BUKIT LANJAN: Crime prevention and education programmes in Malaysia now need to cover cyber crime

BUKIT LANJAN: Crime prevention and education programmes in Malaysia now need to cover cyber crime

Fraud cases in cyberspace ballooned by 20% in Malaysia last year compared with 2015.

Besides fraud, the top cyber crime were intrusion, spam and malicious code.

“It looks like Malaysians are using their cyber innovative minds for all the wrong reasons,” Gerakan Deputy Speaker Syed Abdul Razak Alsagoff said.

He said the rising cyber crime rate means the traditional and conservative crime prevention and education programmes and campaigns need a total overhaul.

“Both state and federal governments must now take proactive measures to gather various professionals to brainstorm and come up with new strategies in anti-crime and education efforts that cover cyberspace,” he added.

Syed Razak, who is Gerakan’s nominee to contest N.37 Bukit Lanjan in the coming 14th General Elecion (GE14), said the previous community crime prevention and education programmes and efforts “are obviously no more effective and outdated”.

He said the importance of the 21st Century digital era to a country’s socio-economic and political development “is obvious and cannot be denied”.

“Competency is irrelevant if the innovative minds of the rakyat (people) are focused on crime. Therefore, both state and federal governments, especially the Education and Home Ministries, have to start including the cyber space factor in their public education programmes.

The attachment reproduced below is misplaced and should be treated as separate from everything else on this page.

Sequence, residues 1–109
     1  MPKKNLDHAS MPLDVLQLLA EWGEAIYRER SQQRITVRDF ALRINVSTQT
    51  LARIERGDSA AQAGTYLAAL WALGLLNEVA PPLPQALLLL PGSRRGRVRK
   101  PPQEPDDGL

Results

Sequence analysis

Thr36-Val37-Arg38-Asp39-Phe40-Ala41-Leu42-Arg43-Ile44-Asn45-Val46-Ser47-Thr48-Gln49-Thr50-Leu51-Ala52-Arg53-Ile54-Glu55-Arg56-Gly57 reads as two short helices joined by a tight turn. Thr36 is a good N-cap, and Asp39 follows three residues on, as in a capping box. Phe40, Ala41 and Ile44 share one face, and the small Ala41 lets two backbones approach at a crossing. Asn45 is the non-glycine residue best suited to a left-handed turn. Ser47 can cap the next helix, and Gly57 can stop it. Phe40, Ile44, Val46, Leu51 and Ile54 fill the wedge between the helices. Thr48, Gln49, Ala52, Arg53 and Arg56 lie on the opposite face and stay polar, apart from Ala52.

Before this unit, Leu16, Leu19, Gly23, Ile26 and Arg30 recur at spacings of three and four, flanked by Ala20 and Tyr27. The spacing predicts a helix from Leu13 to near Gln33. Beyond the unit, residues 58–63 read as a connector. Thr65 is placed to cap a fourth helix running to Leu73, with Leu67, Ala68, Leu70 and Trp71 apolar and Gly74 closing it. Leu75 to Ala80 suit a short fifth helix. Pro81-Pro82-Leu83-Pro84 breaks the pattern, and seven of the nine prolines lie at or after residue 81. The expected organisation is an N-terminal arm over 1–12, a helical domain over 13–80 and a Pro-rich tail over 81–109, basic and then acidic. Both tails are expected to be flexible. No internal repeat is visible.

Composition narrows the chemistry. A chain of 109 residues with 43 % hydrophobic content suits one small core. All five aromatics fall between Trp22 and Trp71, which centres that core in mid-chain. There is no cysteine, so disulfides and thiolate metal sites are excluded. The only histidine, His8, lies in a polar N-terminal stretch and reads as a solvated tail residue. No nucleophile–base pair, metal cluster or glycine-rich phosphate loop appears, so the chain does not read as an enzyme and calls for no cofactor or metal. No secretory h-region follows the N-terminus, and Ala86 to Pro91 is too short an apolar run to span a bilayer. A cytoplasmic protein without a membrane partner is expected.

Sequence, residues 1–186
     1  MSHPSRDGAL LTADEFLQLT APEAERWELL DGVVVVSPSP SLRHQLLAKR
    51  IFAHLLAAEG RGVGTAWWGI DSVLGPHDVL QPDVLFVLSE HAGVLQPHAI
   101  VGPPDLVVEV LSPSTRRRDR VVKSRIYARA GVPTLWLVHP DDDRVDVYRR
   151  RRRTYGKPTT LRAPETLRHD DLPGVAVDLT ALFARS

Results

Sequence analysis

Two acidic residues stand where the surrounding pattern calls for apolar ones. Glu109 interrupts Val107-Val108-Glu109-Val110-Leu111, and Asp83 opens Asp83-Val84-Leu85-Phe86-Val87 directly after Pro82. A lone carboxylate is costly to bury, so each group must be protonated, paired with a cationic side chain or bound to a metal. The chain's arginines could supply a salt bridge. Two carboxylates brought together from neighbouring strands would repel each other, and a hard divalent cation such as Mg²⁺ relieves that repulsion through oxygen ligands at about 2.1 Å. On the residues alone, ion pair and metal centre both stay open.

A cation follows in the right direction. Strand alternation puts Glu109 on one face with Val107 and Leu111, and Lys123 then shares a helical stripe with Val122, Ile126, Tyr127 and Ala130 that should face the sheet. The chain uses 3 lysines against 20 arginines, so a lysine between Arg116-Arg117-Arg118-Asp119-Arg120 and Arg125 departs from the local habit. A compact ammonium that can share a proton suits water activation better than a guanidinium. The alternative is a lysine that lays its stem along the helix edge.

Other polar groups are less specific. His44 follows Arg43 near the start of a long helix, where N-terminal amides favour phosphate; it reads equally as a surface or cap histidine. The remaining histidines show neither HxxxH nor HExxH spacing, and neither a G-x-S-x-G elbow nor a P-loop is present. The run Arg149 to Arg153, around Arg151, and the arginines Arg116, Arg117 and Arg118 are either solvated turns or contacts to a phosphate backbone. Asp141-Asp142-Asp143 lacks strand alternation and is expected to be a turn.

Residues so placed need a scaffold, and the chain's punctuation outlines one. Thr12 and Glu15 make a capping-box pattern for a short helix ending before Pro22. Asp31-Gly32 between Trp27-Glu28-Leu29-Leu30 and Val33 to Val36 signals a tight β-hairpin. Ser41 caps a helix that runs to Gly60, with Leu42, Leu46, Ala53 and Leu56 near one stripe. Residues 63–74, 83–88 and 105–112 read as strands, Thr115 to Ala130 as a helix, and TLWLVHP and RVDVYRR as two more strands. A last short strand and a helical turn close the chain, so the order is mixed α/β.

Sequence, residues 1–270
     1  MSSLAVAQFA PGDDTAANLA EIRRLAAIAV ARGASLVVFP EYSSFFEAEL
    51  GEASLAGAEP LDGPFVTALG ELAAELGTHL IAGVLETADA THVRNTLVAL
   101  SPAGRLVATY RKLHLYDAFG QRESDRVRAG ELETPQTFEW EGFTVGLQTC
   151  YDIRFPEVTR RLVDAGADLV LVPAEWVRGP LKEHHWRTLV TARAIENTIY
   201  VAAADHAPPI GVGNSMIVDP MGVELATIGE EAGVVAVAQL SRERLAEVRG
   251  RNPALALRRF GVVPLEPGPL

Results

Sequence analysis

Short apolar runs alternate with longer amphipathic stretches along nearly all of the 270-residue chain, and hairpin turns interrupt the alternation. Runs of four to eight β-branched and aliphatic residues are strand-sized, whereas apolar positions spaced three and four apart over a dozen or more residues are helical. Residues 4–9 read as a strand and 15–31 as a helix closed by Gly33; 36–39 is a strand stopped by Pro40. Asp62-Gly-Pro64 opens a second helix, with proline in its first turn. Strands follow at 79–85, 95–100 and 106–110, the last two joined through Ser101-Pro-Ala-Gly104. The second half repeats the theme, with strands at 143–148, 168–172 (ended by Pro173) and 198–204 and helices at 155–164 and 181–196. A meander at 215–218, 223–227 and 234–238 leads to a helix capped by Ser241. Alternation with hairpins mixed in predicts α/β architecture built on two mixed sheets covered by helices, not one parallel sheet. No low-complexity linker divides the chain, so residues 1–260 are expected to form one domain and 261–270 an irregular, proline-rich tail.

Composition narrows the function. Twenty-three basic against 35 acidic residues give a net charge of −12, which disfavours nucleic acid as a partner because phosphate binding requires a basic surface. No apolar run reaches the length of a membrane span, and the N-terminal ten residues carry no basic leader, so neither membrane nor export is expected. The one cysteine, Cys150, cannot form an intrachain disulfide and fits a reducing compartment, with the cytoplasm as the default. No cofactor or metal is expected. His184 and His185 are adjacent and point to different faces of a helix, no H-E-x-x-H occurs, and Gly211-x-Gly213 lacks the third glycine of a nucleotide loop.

“Failing to do so will affect investors’ interest in Malaysia. Who will want to invest in a country that has a high cyber crime rate?,” Syed Razak asked.

Here’s what The Star Online posted:
"Business News

Home > Business > Business News

Saturday, 20 May 2017 | MYT 8:47 AM

Cybercrime surge in Malaysia


PETALING JAYA: Cybercrime is growing in Malaysia, as statistics from CyberSecurity Malaysia show.

For example, fraud cases detected in cyberspace jumped 20% last year compared to 2015. Besides fraud, the top cyber crime were intrusion, spam and malicious code.

Data from Cybercrime Malaysia, an agency under the Science, Technology and Innovations Ministry, also show a total of 2,428 cybercrime incidences reported between January and April this year.

CyberSecurity Malaysia chief executive officer CEO Datuk Dr Amirudin Abdul Wahab pointed out that countering cyber crime will be increasingly challenging due to the exponential growth of connected devices.

According to market research company Gartner, there could be 20.4 billion Internet of Things (IoT) connected devices between now and 2020.

“When it comes down to adoption of IoT, we sleepwalk in the reality that somebody has secured it for us. With the connection of internet comes due diligence to use technology responsibly,” KPMG Malaysia head of cybersecurity Dani Michaux said.

The risks have been amplified by the interconnectivity of devices through IoT, say experts, who believe that the adoption of cyber security measures was slower than the advancement of technology.

The recent Wannacry malware attack is one example of a cybercrime that has hit 300,000 devices in 150 countries.

“The size of the organisation will reflect the amount of connectivity. The bigger the organisation, the more likely the company will be exposed to cyber attacks,” iboss Network Security senior vice president Simon Eappariello said."



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